The Green Tara Mantra: A Liberating Practice
The Green Tara mantra comes from the most popular goddess of Buddhism. Green Tara is the goddess of universal compassion, enlightenment, and virtuous performances. They say she’s the mother of all Buddhas.
The word Tara means “liberating”. According to Buddhist beliefs, it frees people mainly from their fears of external threats. Among them, says the tradition, there’s the fear of elephants, lions, fire, snakes, thieves, stormy waters, slavery, and evil spirits. Therefore, the Green Tara mantra is a ritual to conjure up all of those dangers.
The Green Tara mantra also protects against internal dangers: pride, ignorance, jealousy, hatred, stubbornness, attachment, disturbing doubts, and greed. For Buddhists, this is a very powerful mantra that offers tranquility and safety.
The meaning of the Green Tara mantra
A mantra is a group of syllables, phonemes, or words that, according to certain beliefs, have a psychological or spiritual power. Its etymological meaning is “mental instrument”. Each mantra induces a certain state of consciousness or mood. The Green Tara mantra is used to face fear and insecurity.
Now, the following words and syllables compose the Green Tara mantra: “om tare tuttare ture soha“. It refers to Tara, the goddess of universal compassion and the color green, which is the color of vitality for Buddhists. Let’s talk more about the meaning of those words:
- Om: It has to do with the body, the mind, and the approach to universal divinity.
- Tare: It’s the liberation of the sufferings, feelings, and inferior strength.
- Tuttare: It represents protection against internal and external dangers.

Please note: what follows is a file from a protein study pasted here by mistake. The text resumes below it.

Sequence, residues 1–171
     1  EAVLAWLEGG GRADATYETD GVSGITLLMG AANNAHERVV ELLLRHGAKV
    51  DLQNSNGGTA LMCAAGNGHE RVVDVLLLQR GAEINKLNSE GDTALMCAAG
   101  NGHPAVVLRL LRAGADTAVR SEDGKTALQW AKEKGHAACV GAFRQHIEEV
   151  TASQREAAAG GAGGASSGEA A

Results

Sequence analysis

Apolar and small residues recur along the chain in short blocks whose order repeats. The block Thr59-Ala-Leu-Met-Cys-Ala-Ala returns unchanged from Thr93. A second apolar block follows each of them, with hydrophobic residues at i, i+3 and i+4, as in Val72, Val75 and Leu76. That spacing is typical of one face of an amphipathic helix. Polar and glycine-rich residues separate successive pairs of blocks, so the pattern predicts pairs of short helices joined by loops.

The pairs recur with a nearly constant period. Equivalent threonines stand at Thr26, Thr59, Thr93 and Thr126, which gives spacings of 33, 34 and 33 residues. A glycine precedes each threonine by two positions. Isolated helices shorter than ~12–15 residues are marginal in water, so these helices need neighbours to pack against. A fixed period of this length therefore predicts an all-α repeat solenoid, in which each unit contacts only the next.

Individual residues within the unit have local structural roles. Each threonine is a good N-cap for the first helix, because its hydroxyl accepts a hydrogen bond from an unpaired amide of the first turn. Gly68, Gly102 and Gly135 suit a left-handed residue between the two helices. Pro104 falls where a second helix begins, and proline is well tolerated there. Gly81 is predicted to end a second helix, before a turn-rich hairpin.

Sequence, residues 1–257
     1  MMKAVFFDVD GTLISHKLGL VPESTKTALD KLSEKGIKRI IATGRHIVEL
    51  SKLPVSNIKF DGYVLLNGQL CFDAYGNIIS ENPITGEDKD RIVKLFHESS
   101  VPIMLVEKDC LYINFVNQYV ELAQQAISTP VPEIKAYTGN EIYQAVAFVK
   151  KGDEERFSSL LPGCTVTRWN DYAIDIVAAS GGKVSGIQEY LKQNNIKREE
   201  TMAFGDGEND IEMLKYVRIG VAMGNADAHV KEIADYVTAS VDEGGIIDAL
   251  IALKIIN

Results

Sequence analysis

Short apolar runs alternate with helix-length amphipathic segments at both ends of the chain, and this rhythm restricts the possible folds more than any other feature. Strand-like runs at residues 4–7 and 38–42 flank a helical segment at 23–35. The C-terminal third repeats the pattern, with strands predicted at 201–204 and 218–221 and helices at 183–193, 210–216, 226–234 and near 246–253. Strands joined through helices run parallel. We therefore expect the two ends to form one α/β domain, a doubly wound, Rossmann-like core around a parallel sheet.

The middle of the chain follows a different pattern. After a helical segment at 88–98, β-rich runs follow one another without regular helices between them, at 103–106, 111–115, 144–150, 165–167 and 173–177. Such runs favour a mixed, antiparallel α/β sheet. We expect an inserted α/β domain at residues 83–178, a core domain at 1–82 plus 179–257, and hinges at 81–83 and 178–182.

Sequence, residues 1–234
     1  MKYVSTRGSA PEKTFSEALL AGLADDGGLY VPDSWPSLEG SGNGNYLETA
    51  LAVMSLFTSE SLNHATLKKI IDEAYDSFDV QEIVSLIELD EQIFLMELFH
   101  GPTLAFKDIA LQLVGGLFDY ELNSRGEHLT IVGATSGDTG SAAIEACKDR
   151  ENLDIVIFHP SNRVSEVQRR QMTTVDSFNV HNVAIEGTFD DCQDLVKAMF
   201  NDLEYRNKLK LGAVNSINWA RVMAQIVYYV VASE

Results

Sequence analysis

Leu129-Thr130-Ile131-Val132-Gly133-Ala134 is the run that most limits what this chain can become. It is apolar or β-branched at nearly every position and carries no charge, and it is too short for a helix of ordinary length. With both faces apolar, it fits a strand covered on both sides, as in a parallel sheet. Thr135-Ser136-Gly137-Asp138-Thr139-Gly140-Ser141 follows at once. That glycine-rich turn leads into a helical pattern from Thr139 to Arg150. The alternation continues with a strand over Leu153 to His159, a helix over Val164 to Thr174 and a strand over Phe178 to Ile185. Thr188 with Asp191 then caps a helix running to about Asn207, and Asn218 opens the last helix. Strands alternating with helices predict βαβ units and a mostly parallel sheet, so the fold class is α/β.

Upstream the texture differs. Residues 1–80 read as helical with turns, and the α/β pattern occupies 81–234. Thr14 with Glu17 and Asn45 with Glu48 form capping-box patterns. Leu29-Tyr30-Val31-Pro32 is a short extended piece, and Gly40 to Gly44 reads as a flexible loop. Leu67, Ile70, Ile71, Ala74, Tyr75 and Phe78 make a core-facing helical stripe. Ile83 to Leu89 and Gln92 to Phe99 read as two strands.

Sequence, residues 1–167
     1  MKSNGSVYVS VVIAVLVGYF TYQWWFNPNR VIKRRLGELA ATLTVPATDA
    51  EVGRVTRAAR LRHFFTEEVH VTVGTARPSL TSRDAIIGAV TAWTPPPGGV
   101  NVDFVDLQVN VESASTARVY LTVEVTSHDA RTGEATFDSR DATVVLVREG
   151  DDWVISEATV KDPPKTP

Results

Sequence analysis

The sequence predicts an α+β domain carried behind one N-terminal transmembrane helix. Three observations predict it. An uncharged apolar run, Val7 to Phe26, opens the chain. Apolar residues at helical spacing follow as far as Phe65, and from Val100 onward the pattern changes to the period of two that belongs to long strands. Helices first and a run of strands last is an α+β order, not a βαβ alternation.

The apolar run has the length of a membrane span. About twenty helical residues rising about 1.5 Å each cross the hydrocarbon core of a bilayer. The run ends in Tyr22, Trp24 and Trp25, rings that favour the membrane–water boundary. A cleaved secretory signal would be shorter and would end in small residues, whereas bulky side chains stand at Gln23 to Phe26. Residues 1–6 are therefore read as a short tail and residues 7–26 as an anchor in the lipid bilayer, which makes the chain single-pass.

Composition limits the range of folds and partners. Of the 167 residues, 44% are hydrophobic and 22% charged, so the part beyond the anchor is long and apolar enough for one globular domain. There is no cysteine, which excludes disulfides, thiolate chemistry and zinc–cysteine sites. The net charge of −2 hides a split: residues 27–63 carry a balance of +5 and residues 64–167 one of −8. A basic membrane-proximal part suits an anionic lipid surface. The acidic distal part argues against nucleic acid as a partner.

- Ture: It’s a protection against physical diseases and a peace-generating word.
- Soha: It represents the long-term action of protection against internal and external dangers.
Meditation and the Green Tara mantra
The Green Tara mantra has a great meaning for Buddhists. In the West, there are also many people who practice this mantra since it’s a way for them to feel calm and relaxed. Most of them don’t give it the same connotation as Buddhists do. However, they still turn to it to strengthen themselves.
The Buddhist tradition says that the best way to pronounce this mantra is through meditation. It points out that there are certain steps that are necessary for this mantra to be fully effective:
- Looking for a quiet place. Sitting down, closing your eyes, and breathing.
- Thinking about the problem you wish to solve.
- Focusing on anguish and fear disappearing.
- Repeating the mantra out loud several times: “Om tare tuttare ture soha”.
- Mentally visualizing a green sphere while repeating the mantra and breathing deeply.
- When you feel a sensation of calmness, keep yourself breathing for a while before going back to regular activities.
Does it really work?
It’s quite difficult to establish the real effectiveness of these kinds of rituals. It’s known that repeating evocative words have a calming and relaxing effect on people. One way or another, they help the brain vibrate in a much calmer frequency.
What is certain is that we program ourselves to approach or stay away from certain experiences. We also organize different systems of interpretation for each one. We sometimes do it consciously, but most of the time we don’t realize it. Therefore, our attitude brings us closer to certain experiences and distances us from others. This is why we interpret what happens to us in different ways.
To summarize, if a person thinks that a ritual like the Green Tara mantra has a special and powerful meaning, that’s the way it’s going to be for them. On the other hand, if a person’s very skeptical about it, it probably won’t have any effect on them. Remember that the human mind is quite complex and profound and a mysterious world that’s capable of anything.It might interest you...
All cited sources were thoroughly reviewed by our team to ensure their quality, reliability, currency, and validity. The bibliography of this article was considered reliable and of academic or scientific accuracy.
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- Chu, LC (2010). Los beneficios de la meditación frente a la inteligencia emocional, el estrés percibido y la salud mental negativa. Estrés y salud , 26 (2), 169-180. https://doi.org/10.1002/smi.1289